UTS was founded in 1910 as a “model” school for gifted male students. The plural in the name refers to the fact that a separate school for girls had originally been planned, but it didn’t actually materialize. UTS became a co-educational school in September 1973. Entrance to UTS is determined by competitive examinations, for which there are usually ten times more applicants than places available. In 1973, it was even more competitive, as 50% of the places had been reserved for girls. The incoming year at that time consisted of about 70 persons. The tuition fees in the 1970s were about $300 (Canadian) a year. The tuition fees now are about $27,000 (Canadian) a year. One of the reasons for this is that, in the early 1990s, the socialist New Democratic Party government of Ontario withdrew all public funding to the school, because of accusations of “elitism”. UTS could now be seen as just another expensive private school. The student body consists of about half East Asians, and a quarter South Asians, in marked contrast to the 1970s, when it was mainly white. The Alumni Dinner engendered gloomy reflections on how everything traditional is passing away in the current-day Canada. Continue reading

Posted in Cultural Matters, Current Affairs and Comment, QR Home | Tagged , , , , | 1 Comment

Women’s Legal Landmarks

Mary Wollstonecraft, Original Stories from Real Life, Illustrated by William Blake

Women’s Legal Landmarks

Women’s Legal Landmarks, ed Erica Rackley and Rosemary Auchmuty, Hart Publishing, 2018, ISBN 978-1-78225-977-0, reviewed by Angela Ellis-Jones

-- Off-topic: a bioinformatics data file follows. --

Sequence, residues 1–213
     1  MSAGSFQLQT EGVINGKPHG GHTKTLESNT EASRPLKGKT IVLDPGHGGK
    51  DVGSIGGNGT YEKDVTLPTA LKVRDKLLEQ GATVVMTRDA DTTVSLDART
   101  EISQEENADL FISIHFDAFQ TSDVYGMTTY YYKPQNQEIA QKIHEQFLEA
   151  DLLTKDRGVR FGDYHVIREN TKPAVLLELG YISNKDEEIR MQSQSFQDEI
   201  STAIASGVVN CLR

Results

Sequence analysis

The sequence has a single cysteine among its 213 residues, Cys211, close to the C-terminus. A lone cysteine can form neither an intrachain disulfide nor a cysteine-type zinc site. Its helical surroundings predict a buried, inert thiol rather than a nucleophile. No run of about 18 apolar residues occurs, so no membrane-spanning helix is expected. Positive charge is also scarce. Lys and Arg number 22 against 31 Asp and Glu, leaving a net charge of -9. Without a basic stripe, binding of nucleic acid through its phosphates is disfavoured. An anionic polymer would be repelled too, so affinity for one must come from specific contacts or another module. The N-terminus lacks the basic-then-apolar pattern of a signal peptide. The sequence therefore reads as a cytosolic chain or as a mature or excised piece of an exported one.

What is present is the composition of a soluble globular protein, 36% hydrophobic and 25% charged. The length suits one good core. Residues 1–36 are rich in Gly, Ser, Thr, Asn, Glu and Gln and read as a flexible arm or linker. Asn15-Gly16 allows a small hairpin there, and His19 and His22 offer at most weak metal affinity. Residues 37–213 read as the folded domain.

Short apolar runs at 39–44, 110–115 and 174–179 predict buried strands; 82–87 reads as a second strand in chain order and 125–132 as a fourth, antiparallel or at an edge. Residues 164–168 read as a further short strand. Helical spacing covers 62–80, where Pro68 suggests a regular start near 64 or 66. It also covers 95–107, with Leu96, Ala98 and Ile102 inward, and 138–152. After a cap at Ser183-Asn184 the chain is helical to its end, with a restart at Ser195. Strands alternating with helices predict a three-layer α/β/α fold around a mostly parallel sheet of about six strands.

This collection of short articles by mainly female authors marks the centenary of 1919, the  year which saw the entry of women into the legal profession. Each chapter covers a ‘landmark’, a significant  event in legal history as it affected women. The format for each chapter is four sections on Context, The Landmark, What Happened Next, and Significance. The landmarks are drawn from the four nations of the United Kingdom. The first chapter deals with the laws of the Welsh King Hywel Dda (early tenth century). Hywel codified the laws of Wales, which dealt with crime, property, tort, contract and the position of women: ‘Whilst they did not provide equality, the laws are noted and recognised for their enlightened attitude to  women’ (26) – far more so than in many other European countries at the time, including England. The next landmark is Mary Wollstonecraft’s A Vindication of the Rights of Women (1792), the fons et origo of the modern feminist movement, which called for equality and the extension of civil and political rights to women. The nineteenth century saw one of the most important of these rights extended, the Married Women’s Property Act 1882  (covered here), which enabled a  married woman to hold all the property brought by her to the marriage or subsequently acquired as her ‘separate property’.

The great majority of these legal landmarks covered occurred  in the twentieth century. They include pieces of legislation e.g. The Representation of the People Act 1918, which enfranchised women over 30, the Sex Disqualification (Removal) Act 1919, which enabled women to enter the professions and public functions, and events  e.g. the Dagenham Car Plant Strike 1968, when women won a pay rise which led to the passing of the Equal Pay Act 1970. Continue reading

Posted in Book Reviews, Current Affairs and Comment, QR Home | Tagged , , | Leave a comment

Over the Water – over the Hill

Portrait of Bonnie Prince Charlie, by Louis Gabriel Blanchet, 1738

Over the Water – over the Hill

Bill Hartley, in the land of lost causes